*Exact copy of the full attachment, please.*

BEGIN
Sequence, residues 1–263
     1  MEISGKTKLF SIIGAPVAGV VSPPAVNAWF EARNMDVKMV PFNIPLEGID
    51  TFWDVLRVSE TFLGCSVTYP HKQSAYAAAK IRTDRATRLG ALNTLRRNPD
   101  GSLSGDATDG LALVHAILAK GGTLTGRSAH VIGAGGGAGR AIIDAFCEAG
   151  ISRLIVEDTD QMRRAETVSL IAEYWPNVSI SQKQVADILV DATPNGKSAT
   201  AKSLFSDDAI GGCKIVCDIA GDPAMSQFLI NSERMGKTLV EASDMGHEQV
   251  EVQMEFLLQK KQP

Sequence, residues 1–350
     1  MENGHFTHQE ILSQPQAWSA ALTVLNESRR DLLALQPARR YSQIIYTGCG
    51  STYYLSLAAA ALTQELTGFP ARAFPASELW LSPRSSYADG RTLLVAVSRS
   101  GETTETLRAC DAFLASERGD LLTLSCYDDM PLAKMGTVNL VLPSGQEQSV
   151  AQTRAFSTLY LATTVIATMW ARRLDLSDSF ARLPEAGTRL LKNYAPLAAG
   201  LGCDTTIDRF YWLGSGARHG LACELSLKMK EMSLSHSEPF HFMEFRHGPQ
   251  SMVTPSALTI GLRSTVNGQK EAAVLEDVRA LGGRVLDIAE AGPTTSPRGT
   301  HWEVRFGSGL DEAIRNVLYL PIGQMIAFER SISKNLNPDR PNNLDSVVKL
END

Sequence, residues 1–263
     1  MEISGKTKLF SIIGAPVAGV VSPPAVNAWF EARNMDVKMV PFNIPLEGID
    51  TFWDVLRVSE TFLGCSVTYP HKQSAYAAAK IRTDRATRLG ALNTLRRNPD
   101  GSLSGDATDG LALVHAILAK GGTLTGRSAH VIGAGGGAGR AIIDAFCEAG
   151  ISRLIVEDTD QMRRAETVSL IAEYWPNVSI SQKQVADILV DATPNGKSAT
   201  AKSLFSDDAI GGCKIVCDIA GDPAMSQFLI NSERMGKTLV EASDMGHEQV
   251  EVQMEFLLQK KQP

Sequence, residues 1–350
     1  MENGHFTHQE ILSQPQAWSA ALTVLNESRR DLLALQPARR YSQIIYTGCG
    51  STYYLSLAAA ALTQELTGFP ARAFPASELW LSPRSSYADG RTLLVAVSRS
   101  GETTETLRAC DAFLASERGD LLTLSCYDDM PLAKMGTVNL VLPSGQEQSV
   151  AQTRAFSTLY LATTVIATMW ARRLDLSDSF ARLPEAGTRL LKNYAPLAAG
   201  LGCDTTIDRF YWLGSGARHG LACELSLKMK EMSLSHSEPF HFMEFRHGPQ
   251  SMVTPSALTI GLRSTVNGQK EAAVLEDVRA LGGRVLDIAE AGPTTSPRGT
   301  HWEVRFGSGL DEAIRNVLYL PIGQMIAFER SISKNLNPDR PNNLDSVVKL